discovery prior to trial, the superior court did not abuse its
discretion in refusing to reopen discovery during the trial. [Fn.
25]  
          As to the claim that the court should have limited the
state's expert testimony, the trial court did not abuse its
discretion in declining to do so.  Indeed, it arguably would have
been an abuse of discretion for the trial court to strike the
state's experts to "mitigate" the effect of its proper ruling that
federal law precluded the use of the DSR.  The state was fully
entitled to present expert opinion as to the circumstances of the
accident.  
          Finally, we find no error with regard to the court's
refusal to instruct the jury that DOT had notice of problems with
the curve before the accident.  First, with limited exceptions not
applicable here, instructions concern "matters of law . . .
necessary for [the jury's] information in giving [its] verdict,"
[Fn. 26] not factual matters.  Second, if Walden wished to
establish as fact that DOT had notice of problems with the curve,
it was incumbent upon her to adduce admissible evidence to support
that proposition.  That the superior court properly excluded
evidence in the DSR report did not create any responsibility for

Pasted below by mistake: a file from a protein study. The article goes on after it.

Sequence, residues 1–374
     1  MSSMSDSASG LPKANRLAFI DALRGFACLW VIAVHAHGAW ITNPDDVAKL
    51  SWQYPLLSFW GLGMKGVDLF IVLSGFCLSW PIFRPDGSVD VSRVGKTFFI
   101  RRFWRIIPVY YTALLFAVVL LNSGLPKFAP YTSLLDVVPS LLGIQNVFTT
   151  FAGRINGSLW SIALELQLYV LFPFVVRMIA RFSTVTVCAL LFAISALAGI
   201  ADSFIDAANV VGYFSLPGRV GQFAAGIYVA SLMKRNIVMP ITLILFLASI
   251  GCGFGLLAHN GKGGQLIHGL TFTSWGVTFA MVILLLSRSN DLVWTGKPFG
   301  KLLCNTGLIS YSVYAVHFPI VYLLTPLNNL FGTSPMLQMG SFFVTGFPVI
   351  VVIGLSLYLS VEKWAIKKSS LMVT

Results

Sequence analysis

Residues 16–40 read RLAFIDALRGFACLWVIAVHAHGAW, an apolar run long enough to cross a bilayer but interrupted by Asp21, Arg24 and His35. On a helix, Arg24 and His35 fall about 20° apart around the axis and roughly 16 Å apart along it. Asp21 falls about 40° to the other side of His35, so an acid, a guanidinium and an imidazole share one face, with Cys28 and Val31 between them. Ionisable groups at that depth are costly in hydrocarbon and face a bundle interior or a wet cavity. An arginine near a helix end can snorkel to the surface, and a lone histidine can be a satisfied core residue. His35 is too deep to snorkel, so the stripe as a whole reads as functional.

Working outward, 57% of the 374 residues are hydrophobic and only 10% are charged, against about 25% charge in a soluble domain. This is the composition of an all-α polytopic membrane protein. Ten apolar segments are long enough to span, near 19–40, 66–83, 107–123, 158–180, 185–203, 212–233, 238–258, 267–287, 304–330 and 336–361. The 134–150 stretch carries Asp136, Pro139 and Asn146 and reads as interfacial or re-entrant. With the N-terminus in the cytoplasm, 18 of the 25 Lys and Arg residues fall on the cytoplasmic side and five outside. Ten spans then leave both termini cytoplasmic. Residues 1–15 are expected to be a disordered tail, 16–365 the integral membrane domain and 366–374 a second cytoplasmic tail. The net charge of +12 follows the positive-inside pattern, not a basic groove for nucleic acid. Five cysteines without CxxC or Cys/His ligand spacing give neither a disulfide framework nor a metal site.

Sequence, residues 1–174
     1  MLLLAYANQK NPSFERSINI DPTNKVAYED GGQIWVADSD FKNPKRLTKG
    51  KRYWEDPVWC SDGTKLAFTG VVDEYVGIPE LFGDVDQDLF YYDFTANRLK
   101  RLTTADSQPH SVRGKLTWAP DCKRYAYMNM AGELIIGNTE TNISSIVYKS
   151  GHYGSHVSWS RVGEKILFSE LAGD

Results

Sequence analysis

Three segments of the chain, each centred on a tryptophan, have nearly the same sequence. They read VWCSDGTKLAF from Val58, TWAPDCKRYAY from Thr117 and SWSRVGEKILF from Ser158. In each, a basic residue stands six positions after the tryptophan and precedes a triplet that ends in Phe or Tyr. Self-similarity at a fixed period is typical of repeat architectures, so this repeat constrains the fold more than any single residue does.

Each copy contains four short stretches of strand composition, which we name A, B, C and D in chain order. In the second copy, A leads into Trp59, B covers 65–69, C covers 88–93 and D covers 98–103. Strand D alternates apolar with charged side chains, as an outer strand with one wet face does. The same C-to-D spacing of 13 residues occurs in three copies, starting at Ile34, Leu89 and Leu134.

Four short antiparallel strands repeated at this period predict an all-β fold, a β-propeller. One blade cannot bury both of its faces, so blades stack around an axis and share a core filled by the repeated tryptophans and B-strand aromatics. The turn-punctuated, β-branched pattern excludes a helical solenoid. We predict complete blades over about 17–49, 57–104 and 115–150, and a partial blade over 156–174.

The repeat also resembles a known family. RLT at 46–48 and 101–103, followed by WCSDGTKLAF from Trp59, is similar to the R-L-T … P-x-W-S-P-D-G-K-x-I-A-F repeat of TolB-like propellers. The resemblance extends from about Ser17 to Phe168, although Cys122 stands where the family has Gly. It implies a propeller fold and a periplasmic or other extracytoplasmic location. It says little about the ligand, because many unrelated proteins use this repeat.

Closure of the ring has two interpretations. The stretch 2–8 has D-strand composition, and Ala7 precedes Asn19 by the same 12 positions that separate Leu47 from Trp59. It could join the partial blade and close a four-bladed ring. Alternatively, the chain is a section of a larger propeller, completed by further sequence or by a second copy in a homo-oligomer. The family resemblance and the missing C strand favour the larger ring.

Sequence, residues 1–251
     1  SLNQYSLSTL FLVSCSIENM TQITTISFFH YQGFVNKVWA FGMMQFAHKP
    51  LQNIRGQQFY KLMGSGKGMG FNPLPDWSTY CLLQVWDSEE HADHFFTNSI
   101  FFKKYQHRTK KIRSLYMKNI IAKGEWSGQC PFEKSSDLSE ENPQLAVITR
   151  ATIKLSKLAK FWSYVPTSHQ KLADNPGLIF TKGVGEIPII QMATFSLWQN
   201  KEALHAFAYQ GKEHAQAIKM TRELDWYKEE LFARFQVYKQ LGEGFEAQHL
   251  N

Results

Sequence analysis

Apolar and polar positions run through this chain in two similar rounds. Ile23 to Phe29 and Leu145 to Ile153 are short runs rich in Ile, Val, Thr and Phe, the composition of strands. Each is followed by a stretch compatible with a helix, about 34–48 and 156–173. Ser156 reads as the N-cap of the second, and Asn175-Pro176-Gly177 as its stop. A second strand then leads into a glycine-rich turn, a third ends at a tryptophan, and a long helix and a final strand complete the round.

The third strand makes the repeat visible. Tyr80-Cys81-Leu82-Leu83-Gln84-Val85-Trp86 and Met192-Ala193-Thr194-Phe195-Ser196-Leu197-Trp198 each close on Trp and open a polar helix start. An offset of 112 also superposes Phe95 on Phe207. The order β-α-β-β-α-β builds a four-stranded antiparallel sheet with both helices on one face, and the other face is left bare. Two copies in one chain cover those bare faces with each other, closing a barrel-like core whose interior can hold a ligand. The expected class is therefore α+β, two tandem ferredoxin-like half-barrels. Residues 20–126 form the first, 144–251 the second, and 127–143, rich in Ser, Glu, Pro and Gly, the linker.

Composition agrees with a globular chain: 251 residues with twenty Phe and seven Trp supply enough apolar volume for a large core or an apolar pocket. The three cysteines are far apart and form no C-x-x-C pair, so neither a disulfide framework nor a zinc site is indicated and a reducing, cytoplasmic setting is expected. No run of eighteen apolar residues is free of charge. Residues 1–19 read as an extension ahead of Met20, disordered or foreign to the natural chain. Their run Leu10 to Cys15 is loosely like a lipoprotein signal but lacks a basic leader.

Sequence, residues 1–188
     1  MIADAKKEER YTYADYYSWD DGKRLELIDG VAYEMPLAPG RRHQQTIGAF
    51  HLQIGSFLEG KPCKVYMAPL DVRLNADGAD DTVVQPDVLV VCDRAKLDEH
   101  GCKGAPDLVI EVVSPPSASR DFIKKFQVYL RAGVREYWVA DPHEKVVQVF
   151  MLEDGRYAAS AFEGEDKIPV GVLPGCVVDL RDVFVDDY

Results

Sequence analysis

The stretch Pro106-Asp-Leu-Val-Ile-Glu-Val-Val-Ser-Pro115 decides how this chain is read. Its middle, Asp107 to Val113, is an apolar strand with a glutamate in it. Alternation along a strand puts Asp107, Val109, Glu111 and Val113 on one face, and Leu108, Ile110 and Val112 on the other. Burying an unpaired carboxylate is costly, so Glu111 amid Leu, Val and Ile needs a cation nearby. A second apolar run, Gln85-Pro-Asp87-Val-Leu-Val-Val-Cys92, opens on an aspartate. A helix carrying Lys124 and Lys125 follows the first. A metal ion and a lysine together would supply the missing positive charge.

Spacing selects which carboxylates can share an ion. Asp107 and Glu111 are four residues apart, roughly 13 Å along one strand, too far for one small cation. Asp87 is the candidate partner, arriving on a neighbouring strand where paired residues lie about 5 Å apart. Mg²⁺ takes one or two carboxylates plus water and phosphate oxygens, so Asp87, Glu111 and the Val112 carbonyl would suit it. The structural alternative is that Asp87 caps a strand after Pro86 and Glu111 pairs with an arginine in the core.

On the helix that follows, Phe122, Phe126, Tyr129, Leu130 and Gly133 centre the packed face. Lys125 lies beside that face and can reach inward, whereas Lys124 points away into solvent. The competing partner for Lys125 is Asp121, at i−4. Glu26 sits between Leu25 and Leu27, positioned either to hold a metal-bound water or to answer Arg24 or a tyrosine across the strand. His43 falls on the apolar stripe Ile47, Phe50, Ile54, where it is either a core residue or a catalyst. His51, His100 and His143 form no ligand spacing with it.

the court to "mitigate" the effect of this action by instructing
the jury on a matter of contested fact.  Accordingly, we find no
error here.
     E.   The Superior Court Did Not Abuse Its Discretion in
Admitting the Testimony of DOT's Expert Myers.

          Walden argues that the superior court abused its
discretion in admitting evidence of skid testing conducted by DOT
accident reconstruction expert John Myers because his tests took
place under conditions different from those at the time of the
Walden accident.  Walden further argues that the court abused its
discretion by admitting Myers's testimony about Mel Walden's
driving speed at the time of the accident.  We disagree. 
          1.   The superior court did not err in admitting Myers's
               tests. 

          Walden claims that Myers's skid-testing results should
have been excluded because he conducted them on packed snow rather
than on an icy surface. 
          While we have stated that "[e]xperimental evidence is
admissible only if the conditions of the experiment were
substantially similar to the conditions at the time of the event in
issue," [Fn. 27] we have also recognized that similarity of
conditions is not required in the case of "experiments designed to
show the general traits and capacities of materials involved in the
controversy." [Fn. 28]  As noted in McCormick on Evidence,
"experiments showing general properties of materials are admitted
without confining the experiments to the conditions surrounding the
litigated situation." [Fn. 29]
          The general properties of Willow sand are a major issue